“It’s normally down to demand and supply but the big issue for Wales is that the Welsh government for 26 years have failed miserably to build the right number of houses.

“Last September was the lowest quarter ever and built less than half their target.”

“There are small developments of houses being built in my constituency they just built 49 houses and the cheapest is £395,000 – that’s not what we need. We need rented social homes and we need a lot of them across Wales to solve the housing crisis.”

Landlords feel deflated and demoralised

Ms Finch-Saunders explains some of the language used against landlords is unfair and the Welsh government should listen to landlords more.

She explains many landlords are leaving the sector: “The language and tone that I’ve heard used against landlords in the Senedd has been shocking at times.

“We’ve got many good landlords in Wales but they just feel deflated and demoralised and they just realise it’s not worth being a private landlord anymore.”

She adds: “We need the Renting Homes Wales Act reviewing and making it more feasible for landlords to stay in the sector.

“There have been rogue landlords but there are still a significant number of good landlords in the system but they do need listening to by the Welsh government.

“The usual message from Ministers is ‘if you are a tenant we will look after you’ That same strong message should be for landlords as well.”

Watch the video below to find out how Janet Finch-Saunders entered politics and what she thinks of the future of the private rented sector in Wales.  

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Fed Up Landlord

10:26 AM, 26th April 2024, About 2 months ago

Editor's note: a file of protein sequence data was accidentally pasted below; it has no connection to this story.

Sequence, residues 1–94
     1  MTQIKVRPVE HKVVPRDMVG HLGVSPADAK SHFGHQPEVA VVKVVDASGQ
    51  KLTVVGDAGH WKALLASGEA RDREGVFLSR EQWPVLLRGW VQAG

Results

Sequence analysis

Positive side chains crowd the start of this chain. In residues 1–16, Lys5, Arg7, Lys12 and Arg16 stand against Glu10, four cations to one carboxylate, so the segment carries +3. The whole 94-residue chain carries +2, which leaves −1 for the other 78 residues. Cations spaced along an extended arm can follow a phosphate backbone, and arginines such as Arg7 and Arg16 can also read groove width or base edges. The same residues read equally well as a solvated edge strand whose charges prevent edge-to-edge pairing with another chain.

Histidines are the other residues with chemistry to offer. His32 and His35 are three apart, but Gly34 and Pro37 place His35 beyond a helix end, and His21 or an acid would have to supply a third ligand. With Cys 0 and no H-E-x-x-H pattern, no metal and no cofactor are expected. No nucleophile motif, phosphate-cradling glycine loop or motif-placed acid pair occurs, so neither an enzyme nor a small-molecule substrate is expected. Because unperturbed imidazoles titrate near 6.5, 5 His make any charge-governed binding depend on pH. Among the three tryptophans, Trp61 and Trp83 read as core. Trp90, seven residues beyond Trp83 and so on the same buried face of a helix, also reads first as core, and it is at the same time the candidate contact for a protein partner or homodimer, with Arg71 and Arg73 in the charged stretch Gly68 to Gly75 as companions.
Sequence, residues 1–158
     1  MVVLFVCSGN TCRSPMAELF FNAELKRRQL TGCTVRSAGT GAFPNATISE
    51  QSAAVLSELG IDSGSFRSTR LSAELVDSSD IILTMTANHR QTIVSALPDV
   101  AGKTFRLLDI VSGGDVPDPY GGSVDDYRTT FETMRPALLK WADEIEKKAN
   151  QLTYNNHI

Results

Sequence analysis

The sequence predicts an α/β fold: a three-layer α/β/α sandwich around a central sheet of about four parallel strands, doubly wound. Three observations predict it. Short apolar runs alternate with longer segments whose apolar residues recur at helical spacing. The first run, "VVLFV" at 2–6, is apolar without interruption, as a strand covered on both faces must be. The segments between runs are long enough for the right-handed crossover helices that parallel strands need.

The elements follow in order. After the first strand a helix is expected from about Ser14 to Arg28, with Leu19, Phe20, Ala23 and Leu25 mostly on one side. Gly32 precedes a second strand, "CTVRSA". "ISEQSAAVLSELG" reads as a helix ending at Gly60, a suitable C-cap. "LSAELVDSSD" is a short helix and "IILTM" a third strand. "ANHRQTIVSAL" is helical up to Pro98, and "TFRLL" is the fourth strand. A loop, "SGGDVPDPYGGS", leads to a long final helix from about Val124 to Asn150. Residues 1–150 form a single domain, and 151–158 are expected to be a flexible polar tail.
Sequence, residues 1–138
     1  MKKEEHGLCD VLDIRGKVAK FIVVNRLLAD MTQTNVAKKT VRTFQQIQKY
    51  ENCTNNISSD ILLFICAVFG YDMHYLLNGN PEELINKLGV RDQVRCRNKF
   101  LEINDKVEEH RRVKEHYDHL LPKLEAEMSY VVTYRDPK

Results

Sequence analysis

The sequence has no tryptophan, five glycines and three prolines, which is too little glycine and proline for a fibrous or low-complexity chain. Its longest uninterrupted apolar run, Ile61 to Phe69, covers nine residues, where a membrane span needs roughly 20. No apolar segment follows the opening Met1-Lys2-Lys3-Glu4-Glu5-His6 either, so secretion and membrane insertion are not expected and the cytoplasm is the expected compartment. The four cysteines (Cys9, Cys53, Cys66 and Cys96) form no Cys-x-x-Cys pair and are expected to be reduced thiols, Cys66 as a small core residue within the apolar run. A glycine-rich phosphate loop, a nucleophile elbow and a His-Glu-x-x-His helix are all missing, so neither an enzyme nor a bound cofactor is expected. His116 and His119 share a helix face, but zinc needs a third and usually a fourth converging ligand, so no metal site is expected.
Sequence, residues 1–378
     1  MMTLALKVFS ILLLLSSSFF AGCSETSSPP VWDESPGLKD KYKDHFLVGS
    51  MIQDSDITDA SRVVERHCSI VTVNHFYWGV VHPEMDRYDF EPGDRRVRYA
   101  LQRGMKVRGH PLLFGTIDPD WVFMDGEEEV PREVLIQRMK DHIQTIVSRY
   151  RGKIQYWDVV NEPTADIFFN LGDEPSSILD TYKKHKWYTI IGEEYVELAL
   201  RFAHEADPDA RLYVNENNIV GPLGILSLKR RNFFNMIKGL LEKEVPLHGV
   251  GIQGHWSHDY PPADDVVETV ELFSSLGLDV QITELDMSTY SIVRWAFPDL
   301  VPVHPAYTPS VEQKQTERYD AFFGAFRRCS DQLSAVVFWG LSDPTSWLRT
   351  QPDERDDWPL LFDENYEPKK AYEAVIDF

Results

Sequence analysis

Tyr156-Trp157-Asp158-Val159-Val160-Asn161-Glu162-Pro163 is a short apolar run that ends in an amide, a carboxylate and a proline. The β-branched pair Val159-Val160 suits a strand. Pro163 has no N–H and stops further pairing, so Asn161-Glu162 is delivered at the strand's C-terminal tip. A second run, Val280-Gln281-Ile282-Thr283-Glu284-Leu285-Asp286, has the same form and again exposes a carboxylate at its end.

It's not just Welsh LLs who feel demoralised and demonised.

Perhaps she should have a word with Michael Grovel or Rishi Washi on how landlords feel in England as well.


11:26 AM, 26th April 2024, About 2 months ago

Janet Finch-Saunders has voiced what landlords have been saying for many years but I fear her words have come too late for many. Landlords who have exited the sector will not return and the temporary accommodation problem will endure for many years to come.


12:02 PM, 26th April 2024, About 2 months ago

At last a politician with some common sense.

Dylan Morris

12:43 PM, 26th April 2024, About 2 months ago

Landlords will feel even more demoralised when Making Tax Digital comes in and they have to submit a tax return every three months !!

dismayed landlord

12:43 PM, 26th April 2024, About 2 months ago

Reply to the comment left by TJP at 26/04/2024 - 12:02
Yes but I fear far too late.

dismayed landlord

12:45 PM, 26th April 2024, About 2 months ago

Reply to the comment left by TheMaluka at 26/04/2024 - 11:26
Yes well voiced. I am almost out completely and will never return.

Cider Drinker

12:58 PM, 26th April 2024, About 2 months ago

The problem (housing crisis) isn’t caused by landlords, tenants, councils.

It is caused by us having too many people in the U.K.

Too many people (in the U.K.) is firmly the fault of a government that doesn’t care for the U.K.

Dylan Morris

13:06 PM, 26th April 2024, About 2 months ago

Reply to the comment left by Cider Drinker at 26/04/2024 - 12:58Our Government and all the others are just following orders it’s the (unelected) WEF plan for the World. No borders no nations.

Alun Thomas

13:25 PM, 26th April 2024, About 2 months ago

Reply to the comment left by Dylan Morris at 26/04/2024 - 13:06
Got it in one Dylan! And your previous comment re Making Tax Digital will be the final nail!!

Cider Drinker

14:54 PM, 26th April 2024, About 2 months ago

Landlords are most certainly becoming disillusioned with the unfair tax system and vindictive legislation.

However, regardless of how the ‘housing tenure’ is sliced, the cake isn’t large enough to feed all of the country’s growing population.

If every property was commandeered and turned over to Social Housing, there would not be one single additional property.

If every home was bought by owner-occupiers, there still would not be sufficient homes for every person that needs one.

We need a bigger cake or fewer people or a bit of both.